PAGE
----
Submitted to: Journal of Animal Science
Publication Type: Peer Reviewed Journal
Publication Acceptance Date: 12/20/2016
Publication Date: 3/3/2017
Publication URL: http://handle.nal.usda.gov/10113/5700710
Citation: Vallet, J.L., Miles, J.R. 2017. The effect of farrowing induction on colostrum and piglet serum immunocrits is dependent on parity. Journal of Animal Science. 95(2):688-696. doi:10.2527/jas.2016.0993.
Interpretive Summary: Farrowing induction is routinely used by many producers to manage farrowing sows and the labor associated with them. Most reports indicate that farrowing induction at approximately the normal time of farrowing (day 114 of pregnancy) does not have detrimental effects on either the sow or piglets, but the effects of farrowing induction on colostrum quality have not been well studied. We induced farrowing at 114 days of pregnancy in gilts and sows having up to their fourth litter of piglets, and compared them to females allowed to farrow normally up to 116 days of gestation, at which time farrowing was induced. In a subset of females, colostrum (first milk) samples were collected after the birth of the first piglet, and at 4, 8, 12 and 24 hours later. We measured immunoglobulin G in the samples, which is the primary protein component in colostrum and provides immunity to newborn piglets. Immunoglobulin G in colostrum samples were less in day 114 induced females compared to those allowed to farrow naturally and/or induced on day 116. We also measured immunoglobulin G in all newborn piglets to measure transfer of the immunoglobulin to the piglet. Immunoglobulin G in piglets of females having their first litter were not affected by induction on day 114, but piglets from females having their second or later litters had less immunoglobulin, corresponding to the reduction in immunoglobulin G in the colostrum. Despite reductions in immunoglobulin G transfer to piglets in females experiencing their second or later litters, preweaning survival was not affected. These results indicate that induction of farrowing on day 114 of gestation reduces colostrum immunoglobulin concentrations in farrowing females, and reduces the transfer of immunoglobulin to piglets from older females. Although preweaning survival was not affected in this experiment, producers may wish to reconsider the use of routine farrowing induction in older females if they are experiencing a challenging piglet health environment.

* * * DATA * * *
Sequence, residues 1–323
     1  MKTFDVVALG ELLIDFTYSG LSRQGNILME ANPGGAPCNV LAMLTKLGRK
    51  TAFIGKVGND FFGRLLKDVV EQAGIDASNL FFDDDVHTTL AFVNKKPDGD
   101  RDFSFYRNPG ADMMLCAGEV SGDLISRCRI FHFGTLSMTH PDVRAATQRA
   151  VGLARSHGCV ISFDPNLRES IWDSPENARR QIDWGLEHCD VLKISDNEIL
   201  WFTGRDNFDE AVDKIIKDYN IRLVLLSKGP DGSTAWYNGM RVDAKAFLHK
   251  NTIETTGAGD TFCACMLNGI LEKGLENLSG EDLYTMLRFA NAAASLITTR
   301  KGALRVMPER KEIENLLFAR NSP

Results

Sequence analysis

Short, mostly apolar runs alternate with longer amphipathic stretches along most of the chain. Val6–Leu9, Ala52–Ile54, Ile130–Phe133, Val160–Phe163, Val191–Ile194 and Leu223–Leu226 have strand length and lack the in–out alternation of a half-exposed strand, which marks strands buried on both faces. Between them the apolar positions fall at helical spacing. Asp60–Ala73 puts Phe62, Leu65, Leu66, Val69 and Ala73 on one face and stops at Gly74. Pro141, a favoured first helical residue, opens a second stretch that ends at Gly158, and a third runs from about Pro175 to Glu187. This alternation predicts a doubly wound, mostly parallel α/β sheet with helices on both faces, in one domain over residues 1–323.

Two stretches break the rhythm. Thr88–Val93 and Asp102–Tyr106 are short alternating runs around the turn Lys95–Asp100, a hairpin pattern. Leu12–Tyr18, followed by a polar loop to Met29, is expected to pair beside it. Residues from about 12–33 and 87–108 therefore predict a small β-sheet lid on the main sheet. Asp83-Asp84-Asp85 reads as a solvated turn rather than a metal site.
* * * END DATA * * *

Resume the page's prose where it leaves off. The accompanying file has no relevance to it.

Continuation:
Technical Abstract: Farrowing induction is a common practice among swine producers to manage timing of farrowing and the labor associated with farrowing. In this experiment, the effect of induction of labor using cloprostenol on day 114 of gestation (n = 88) was compared to our standard farrowing protocol at USMARC (natural farrowing with induction using cloprostenol on day 116 if needed, n = 83) in gilts and sows up to fourth parity. In a subset of dams (n = 10 each treatment), colostrum was collected within 30 minutes of birth of the first piglet, and at 4, 8, 12 and 24 h. Colostrum samples were measured for immunoglobulin G (IgG) using the immunoglobulin immunocrit and porcine IgG specific ELISA, and for total protein. Blood samples were collected from each live piglet on d 1 of age and measured using the immunocrit assay, and average immunocrit was calculated for each litter. Total piglets born and born alive, birth and weaning weights, and the stillbirth rate and preweaning mortality rate were also recorded for each litter. Results indicated that induction of farrowing by cloprostenol treatment on d 114 reduced average gestation length by 0.5 to 1 day depending on parity, and reduced overall colostrum IgG and total protein. Litter average immunocrits were similar in gilts between treatments, but were reduced in later parity sows induced to farrow using cloprostenol on d 114 of gestation. Total born, born alive, birth and weaning weights, and stillbirth and preweaning mortality rates were unaffected by treatments. In conclusion, induction of farrowing using cloprostenol injection on d 114 reduced colostrum IgG concentrations in dams, and this was reflected in a reduction in litter average immunocrit only in later parity sows. This reduction in litter average immunocrit was not sufficient to influence preweaning mortality, but other effects are possible given the reported influence of colostrum on growth and reproductive traits.